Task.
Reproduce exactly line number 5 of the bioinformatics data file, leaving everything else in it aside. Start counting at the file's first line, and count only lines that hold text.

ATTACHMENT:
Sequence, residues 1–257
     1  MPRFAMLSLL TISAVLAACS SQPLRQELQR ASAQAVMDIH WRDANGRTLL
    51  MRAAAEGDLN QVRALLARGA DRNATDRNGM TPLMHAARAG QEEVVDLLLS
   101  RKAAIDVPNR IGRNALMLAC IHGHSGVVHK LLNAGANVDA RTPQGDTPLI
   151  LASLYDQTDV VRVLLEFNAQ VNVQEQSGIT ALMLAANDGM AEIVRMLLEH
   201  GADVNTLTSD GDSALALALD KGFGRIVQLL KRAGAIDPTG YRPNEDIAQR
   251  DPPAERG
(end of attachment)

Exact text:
   151  LASLYDQTDV VRVLLEFNAQ VNVQEQSGIT ALMLAANDGM AEIVRMLLEH